Gov. Sarah Palin's Friday drop-out declaration hit the already thinly clad Republican Party as an icy blast from the far northwest.
Americans firmly attached to the two-party system, as well as supporters of the Grand Old Party, have to have seen her announcement as yet another blow to that party's immediate prospects. Her only real chance to establish a competitive record on the national level was a year and a half of responsible, serious governing of the State of Alaska.
The Republicans' ostensible leader is still defeated 2008 presidential candidate Sen. John McCain, 72, although he is little seen and heard from. Its two Congressional leaders, Sen. Mitch McConnell of Kentucky and Rep. John Boehner of Ohio are not presidential material. Its most prominent spokespersons for the moment are broadcaster Rush Limbaugh, the lamentable Ann Coulter and worn-out former House Speaker Newt Gingrich.
The least said the better about former possible 2012 candidate, Gov. Mark Sanford of South Carolina, whose resignation is still awaited. His wife would have more appeal now than he.
The kindest comment to be made about Ms. Palin's announcement Friday in Alaska was that it provided comic relief to lead off the July 4 weekend. Other than that, Americans were looking for preoccupation at the potentially very deadly U.S. Marine thrust into the meanest part of a dangerous Afghanistan, with more casualties likely to come.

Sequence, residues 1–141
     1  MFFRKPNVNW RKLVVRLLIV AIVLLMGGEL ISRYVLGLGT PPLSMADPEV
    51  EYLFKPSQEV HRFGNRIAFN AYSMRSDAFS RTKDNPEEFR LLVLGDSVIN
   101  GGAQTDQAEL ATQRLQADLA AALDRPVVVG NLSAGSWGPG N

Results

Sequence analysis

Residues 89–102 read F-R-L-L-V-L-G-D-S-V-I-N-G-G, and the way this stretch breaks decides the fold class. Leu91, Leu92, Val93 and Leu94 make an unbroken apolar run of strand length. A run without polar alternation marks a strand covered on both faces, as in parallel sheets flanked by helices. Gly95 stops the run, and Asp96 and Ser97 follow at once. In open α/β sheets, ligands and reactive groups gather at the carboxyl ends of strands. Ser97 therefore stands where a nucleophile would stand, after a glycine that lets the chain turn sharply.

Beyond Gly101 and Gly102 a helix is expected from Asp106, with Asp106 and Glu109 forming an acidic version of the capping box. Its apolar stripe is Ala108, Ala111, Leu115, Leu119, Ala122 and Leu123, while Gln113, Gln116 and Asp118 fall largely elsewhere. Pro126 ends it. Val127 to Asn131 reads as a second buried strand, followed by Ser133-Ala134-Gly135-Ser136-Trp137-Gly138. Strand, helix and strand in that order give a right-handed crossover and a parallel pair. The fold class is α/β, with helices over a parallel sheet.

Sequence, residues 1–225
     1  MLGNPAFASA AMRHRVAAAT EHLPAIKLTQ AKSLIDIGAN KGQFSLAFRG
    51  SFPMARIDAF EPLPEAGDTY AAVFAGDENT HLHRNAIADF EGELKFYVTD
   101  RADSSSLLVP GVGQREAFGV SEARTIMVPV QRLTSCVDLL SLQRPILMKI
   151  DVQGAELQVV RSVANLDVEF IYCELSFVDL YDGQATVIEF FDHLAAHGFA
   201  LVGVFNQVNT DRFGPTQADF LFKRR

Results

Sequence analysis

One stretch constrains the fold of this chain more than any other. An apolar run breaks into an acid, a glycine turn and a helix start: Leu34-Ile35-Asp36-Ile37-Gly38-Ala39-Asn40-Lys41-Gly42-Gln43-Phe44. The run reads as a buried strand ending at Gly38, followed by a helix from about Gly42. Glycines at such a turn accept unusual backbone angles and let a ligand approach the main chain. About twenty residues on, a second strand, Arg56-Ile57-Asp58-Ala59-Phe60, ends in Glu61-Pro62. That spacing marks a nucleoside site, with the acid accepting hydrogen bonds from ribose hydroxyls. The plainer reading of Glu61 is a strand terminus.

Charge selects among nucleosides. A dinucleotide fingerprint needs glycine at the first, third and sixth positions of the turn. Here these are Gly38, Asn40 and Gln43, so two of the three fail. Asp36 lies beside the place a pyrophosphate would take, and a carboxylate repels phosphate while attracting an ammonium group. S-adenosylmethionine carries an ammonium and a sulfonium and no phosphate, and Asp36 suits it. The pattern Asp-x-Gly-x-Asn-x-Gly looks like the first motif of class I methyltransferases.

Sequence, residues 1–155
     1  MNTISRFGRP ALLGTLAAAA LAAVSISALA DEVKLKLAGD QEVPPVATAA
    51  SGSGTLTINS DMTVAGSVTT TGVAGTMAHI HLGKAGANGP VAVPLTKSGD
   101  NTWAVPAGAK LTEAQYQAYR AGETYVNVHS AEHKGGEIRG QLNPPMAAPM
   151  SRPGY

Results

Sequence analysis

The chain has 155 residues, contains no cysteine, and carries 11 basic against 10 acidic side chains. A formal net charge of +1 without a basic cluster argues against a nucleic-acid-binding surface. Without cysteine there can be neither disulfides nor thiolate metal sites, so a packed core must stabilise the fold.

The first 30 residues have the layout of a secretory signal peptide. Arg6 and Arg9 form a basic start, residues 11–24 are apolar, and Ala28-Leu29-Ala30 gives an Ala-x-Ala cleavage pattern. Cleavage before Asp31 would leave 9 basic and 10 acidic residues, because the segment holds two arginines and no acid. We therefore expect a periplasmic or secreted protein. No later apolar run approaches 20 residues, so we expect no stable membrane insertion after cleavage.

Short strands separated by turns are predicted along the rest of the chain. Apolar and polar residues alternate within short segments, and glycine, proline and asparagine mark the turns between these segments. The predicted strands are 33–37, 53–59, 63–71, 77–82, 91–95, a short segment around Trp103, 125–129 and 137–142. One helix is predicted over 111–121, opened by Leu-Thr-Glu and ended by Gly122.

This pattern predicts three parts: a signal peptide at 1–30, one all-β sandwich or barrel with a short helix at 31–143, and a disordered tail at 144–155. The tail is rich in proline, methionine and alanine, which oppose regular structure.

Ms. Palin was different, as she was when Mr. McCain sprung her on the country 11 months ago. She sounded stressed. The line of logic of her presentation resembled the track of a blinded sled dog on the tundra and left observers with as many possible interpretations as a study of President George W. Bush's reasons for taking the United States into the Iraq war in 2003. It is hard to imagine the afternoon's no-questions, fliply introspective press conference as a launching pad for any sort of presidential or other electoral campaign.
Unfortunately, the most fruitful parallel line of analysis would see Ms. Palin's declaration as a weapon of mass destruction aimed at the heart of the staggering Republican Party. Those who believe in America's time-honored system of political governance by two active, viable political parties have to believe that what is occurring now among the Republicans is comparable to a forest fire. Such fires burn down the old growth, but green shoots emerge from the ashes that develop into strong new trees. Alaska pines burn fast.